Step 4:

If you have any hip tightness you will see this become a big problem here. People lacking the mobility will find it very hard to get the leg to sweep under. Sometimes it is coordination and you might need to go through this a few times before you finally get it!

Step 5:

This last step you are in the lunge and now you can stand up. Now you just need to reverse everything and go back to the floor!

I recommend doing 2-3 reps on each side for 2-4 sets. A great exercise to add at the end of a training session to finish you off. If you are new to doing this or know you have stability and mobility problems I would do this first. Many people report after doing this 3 times per week for at least 6-8 weeks how much it assists their strength with other exercises like deadlifts, chin ups etc for the huge integration and adaptation to the nervous system is immense. Like I said before this really is the Swiss army knife of exercise and changes so many things all at once. All you need to do is spend time with it to master it, work on the things that are limiting you from doing it right, focus on quality movement and finally reap the rewards.

If you really want to test yourself with this try it with a barbell as seen in the video below!

Conclusion

So there you have it, the Turkish Get Up is definitely one of the toughest exercises to add to your training. Not just a great strength and fitness exercise but an awesome movement development exercise for all ages, all conditions and all needs. It is a primitive and instinctual movement we first learned as toddlers so it has some very old software programs attached to it, which is why it can change so many dysfunctional motor programs. A bit like pressing restart on your computer and resetting all the default programs back to the original setting. Of course you need to spend time working on the finer points of the technique and also things like flexibility and stability basics to assist you in achieving the positions that may be difficult.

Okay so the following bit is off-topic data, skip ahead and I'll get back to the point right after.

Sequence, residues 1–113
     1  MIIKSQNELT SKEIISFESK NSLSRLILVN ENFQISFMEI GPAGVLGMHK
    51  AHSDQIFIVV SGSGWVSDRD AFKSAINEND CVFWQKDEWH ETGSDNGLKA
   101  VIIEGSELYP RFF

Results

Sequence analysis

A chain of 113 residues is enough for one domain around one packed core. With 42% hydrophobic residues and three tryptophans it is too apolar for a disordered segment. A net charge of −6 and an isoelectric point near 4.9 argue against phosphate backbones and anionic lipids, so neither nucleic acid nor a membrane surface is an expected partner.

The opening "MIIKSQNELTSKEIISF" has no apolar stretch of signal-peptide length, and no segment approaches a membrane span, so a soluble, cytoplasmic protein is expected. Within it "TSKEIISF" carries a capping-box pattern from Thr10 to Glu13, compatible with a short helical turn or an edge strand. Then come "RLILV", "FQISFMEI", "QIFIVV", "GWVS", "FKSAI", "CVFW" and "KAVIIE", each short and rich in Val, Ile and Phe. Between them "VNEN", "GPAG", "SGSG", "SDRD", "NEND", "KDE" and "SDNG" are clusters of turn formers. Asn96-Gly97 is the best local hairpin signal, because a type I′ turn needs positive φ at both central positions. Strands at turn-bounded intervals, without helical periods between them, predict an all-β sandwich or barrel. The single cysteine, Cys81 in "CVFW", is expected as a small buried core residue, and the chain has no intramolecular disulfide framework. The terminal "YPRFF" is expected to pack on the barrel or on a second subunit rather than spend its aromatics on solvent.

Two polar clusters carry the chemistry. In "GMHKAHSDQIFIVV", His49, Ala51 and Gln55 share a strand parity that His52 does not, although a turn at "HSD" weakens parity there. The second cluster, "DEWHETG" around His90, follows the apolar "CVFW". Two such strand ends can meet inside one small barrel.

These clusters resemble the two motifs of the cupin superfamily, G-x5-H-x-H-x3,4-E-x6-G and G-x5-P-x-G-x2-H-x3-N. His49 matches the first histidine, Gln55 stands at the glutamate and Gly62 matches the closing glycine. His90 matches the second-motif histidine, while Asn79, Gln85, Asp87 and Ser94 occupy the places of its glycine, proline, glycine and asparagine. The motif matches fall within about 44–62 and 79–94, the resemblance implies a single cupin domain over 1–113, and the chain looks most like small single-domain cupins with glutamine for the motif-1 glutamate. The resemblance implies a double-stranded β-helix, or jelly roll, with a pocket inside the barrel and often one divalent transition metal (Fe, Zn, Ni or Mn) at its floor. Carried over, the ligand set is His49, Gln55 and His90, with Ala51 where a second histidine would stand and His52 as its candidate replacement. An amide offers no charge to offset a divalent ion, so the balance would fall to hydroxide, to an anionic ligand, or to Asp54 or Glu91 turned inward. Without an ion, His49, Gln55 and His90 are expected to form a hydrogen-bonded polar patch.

But trust me when I say it is well worth the effort and you will never look back in your training!

Do You Need More Help?

Make sure you get a copy of our Functional Training free report shown below for more ideas of implementing functional strength training methods. If you are suffering with a shoulder problem you will find the Shoulder Pain report invaluable as I explain all the various factors you need to address to get on top of your injury.

  

And if you live in Melbourne Australia and need specific help with your exercise program please feel free to reach out to me by clicking the banner below and we can organize a time to discuss how we can help you. And make sure you subscribe to our FREE NEWSLETTER so you stay up to date with our latest tips and secrets relating to health and fitness.

About The Author

Nick Jack is owner of No Regrets Personal Training and has over 15 years’ experience as a qualified Personal Trainer, Level 2 Rehabilitation trainer, CHEK practitioner, and Level 2 Sports conditioning Coach. Based in Melbourne Australia he specialises in providing solutions to injury and health problems for people of all ages using the latest methods of assessing movement and corrective exercise. He has worked with professional athletes in Golf, Tennis, Basketball and Football but is known throughout the local community more for his work with injury prevention and rehabilitation.  Having participated at high level in many sports himself and also recovering from several serious injuries he has spent considerable time developing detailed assessments and programs to cater for injury and pain.

References

  • Movement - By Gray Cook
  • Shoulder & Scapula Injuries in Athletes - By Chris Mallac
  • Corrective Exercise Solutions for the Hip & Shoulder - by Evan Osar
  • Diagnosis & Treatment Of Movement Impairment Syndromes - By Shirley Sahrman
  • Fixing Shoulder & Elbow Pain - By Rick Olderman
  • Low Back Disorders - by Stuart McGill
  • Back Pain Mechanic – by Stuart McGill
  • Anatomy Trains - by Thomas Meyers
  • Motor Learning and Performance - By Richard A Schmidt and Timothy D Lee
  • Assessment & Treatment Of Muscle Imbalance - By Vladimir Janda
  • Scientific Core Conditioning Correspondence Course - By Paul Chek
  • Scientific Back Training – By Paul Chek